Warning: Sin will rob you of everything you hold dear.

Tuesday, April 18, 2017

Daily reading assignment: 1 Samuel 26-31

Today’s scripture reading sets the stage not only for the death of Saul, Israel’s first king, but also his son Jonathan who was in line for the throne (although we know David had already been chosen by the LORD and anointed by the prophet Samuel as Saul’s successor).

Integrity, a rare virtue among 21st century men, is descriptive of David whom God described as “a man after His own heart” (1 Samuel 13:14).  He was not a perfect man; however, integrity was a dominant characteristic of his life.  David loved God from His youth; he was a faithful son, loyal friend, and a great soldier. He was a man of courage; heroic in his deeds and humble in his walk.  When a second opportunity to kill king Saul presented itself in 1 Samuel 26; David, in spite of the appeal of his servant to take his enemy’s life, refused reasoning it was a grave sin to “stretch forth his hand against the LORD’S anointed” (1 Samuel 26:9-24).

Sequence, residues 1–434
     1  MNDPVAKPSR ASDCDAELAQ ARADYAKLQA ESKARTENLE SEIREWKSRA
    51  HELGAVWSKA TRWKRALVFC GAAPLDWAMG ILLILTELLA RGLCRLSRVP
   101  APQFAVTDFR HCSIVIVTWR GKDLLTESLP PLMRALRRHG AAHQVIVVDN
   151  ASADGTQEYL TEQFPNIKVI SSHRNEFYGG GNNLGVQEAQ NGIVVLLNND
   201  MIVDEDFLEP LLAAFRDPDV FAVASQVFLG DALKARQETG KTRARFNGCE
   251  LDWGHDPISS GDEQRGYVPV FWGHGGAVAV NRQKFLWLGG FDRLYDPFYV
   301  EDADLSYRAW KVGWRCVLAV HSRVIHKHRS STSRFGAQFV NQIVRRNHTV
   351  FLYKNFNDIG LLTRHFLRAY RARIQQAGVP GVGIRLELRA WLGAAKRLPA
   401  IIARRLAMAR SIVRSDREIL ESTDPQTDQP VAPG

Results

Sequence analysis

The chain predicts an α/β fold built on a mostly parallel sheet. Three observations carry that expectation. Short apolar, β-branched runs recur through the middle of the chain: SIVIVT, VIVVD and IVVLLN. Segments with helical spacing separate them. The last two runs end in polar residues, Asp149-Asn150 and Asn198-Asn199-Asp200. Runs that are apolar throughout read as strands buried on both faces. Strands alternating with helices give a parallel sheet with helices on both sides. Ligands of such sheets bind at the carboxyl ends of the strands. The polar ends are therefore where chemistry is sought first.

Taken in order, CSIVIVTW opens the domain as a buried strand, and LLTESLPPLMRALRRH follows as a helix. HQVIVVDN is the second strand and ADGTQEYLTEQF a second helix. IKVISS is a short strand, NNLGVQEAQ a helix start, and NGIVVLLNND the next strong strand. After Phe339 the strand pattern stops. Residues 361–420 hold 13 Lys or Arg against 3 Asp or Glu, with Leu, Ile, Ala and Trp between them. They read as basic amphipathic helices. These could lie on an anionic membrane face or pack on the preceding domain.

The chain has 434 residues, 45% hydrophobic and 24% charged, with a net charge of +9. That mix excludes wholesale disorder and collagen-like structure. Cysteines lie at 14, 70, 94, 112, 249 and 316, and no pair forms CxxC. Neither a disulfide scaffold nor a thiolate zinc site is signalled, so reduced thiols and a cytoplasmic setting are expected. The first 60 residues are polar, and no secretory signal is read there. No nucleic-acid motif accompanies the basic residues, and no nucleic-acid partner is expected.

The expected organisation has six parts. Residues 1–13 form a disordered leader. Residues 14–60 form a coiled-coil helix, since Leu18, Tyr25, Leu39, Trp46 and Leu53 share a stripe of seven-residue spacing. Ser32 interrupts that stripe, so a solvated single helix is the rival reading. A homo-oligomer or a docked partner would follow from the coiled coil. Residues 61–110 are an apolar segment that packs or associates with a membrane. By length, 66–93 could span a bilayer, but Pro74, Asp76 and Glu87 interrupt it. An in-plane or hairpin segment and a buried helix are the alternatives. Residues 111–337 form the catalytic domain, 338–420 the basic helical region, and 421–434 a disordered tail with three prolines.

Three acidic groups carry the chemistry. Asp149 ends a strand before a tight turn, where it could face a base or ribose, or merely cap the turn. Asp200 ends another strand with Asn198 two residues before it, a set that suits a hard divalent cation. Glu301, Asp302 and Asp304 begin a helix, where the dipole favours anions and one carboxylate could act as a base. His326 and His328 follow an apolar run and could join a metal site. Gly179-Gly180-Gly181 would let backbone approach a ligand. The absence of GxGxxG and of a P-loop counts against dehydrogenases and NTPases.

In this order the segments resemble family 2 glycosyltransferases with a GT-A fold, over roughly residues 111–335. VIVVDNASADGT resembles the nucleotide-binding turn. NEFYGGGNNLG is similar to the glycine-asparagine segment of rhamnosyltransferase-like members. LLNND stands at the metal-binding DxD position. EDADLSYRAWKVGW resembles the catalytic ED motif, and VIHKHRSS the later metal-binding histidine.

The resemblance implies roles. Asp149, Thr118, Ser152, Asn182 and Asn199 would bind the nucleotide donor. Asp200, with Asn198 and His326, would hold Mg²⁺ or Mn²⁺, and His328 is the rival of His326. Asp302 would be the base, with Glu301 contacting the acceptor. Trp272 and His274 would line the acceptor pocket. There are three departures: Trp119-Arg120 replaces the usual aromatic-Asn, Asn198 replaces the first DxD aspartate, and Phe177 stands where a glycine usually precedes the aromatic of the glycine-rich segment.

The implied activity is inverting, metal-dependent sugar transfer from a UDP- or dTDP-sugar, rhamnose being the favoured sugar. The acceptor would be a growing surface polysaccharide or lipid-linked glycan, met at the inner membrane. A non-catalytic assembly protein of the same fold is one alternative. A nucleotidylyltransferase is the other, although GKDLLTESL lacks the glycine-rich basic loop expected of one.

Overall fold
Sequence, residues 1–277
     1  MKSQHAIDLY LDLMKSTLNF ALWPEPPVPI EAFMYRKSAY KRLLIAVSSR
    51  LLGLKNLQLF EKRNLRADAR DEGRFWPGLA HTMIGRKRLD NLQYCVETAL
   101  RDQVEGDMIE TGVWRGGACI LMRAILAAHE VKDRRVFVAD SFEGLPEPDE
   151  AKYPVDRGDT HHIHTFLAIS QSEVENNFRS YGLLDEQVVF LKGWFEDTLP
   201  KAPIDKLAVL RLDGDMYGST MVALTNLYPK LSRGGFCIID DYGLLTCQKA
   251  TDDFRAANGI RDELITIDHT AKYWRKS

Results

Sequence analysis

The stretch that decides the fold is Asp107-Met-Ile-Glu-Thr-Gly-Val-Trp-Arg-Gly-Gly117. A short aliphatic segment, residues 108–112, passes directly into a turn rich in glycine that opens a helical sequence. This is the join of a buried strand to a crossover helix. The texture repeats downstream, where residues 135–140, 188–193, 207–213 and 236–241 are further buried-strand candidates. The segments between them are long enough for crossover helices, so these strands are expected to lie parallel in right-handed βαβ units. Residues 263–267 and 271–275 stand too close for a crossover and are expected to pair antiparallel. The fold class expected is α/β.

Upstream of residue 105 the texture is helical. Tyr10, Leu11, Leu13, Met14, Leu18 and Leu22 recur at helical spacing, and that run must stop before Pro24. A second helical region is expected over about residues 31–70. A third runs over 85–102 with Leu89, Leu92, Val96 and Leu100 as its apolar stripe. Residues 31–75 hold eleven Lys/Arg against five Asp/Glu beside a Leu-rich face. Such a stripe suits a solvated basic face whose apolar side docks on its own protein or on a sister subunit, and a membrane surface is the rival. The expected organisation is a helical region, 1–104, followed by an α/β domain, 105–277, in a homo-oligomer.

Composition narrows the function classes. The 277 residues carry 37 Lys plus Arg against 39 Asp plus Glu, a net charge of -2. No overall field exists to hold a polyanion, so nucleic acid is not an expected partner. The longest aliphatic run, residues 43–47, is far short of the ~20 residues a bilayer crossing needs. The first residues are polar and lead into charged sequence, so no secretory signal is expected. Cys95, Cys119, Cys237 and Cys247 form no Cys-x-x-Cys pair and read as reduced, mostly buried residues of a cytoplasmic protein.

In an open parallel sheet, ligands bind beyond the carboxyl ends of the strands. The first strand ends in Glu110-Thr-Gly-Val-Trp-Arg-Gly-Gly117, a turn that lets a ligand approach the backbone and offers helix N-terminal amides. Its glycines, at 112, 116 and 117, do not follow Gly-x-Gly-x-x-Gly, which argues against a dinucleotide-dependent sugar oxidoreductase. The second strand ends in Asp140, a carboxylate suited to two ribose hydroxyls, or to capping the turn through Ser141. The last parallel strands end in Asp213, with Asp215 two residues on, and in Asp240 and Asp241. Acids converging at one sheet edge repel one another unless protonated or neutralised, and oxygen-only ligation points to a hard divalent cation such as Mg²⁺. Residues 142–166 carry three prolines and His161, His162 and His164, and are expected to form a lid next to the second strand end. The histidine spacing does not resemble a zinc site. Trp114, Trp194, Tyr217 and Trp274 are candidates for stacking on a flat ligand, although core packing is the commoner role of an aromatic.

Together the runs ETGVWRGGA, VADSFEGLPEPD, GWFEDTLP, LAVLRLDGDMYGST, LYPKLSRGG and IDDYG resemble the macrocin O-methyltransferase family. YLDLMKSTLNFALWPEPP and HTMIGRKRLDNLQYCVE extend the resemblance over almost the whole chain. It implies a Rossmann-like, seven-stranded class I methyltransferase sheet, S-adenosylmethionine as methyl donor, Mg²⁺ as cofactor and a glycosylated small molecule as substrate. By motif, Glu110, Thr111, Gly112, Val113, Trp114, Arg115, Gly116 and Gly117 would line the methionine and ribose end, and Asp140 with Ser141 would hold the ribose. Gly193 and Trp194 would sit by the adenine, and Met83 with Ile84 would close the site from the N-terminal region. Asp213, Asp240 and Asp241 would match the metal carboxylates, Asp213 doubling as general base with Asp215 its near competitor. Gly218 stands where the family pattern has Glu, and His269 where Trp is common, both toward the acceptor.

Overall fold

Observation: Men of integrity are not driven by opinions or political correctness; their foremost concern is to honor and obey God.

1 Samuel 27-30 is, in the words of John Bunyan’s “Pilgrim’s Progress”, a “Slough of Despond” in David’s life; a representation of sin—portrayed by Bunyan as a deep and muddy pit into which “Pilgrim” falls while on his way to the City of God.  It is the place where Christians stumble when they take their focus off God and view trials through the eyes of fate rather than the eyes of faith.

Life’s trials and troubles present us with two choices: 1) We can walk through life living by our wits and human reasoning and find our dwelling in emotional and spiritual pits; 2) Or we can look at trials and troubles through the eyes of faith and obedience and choose joy.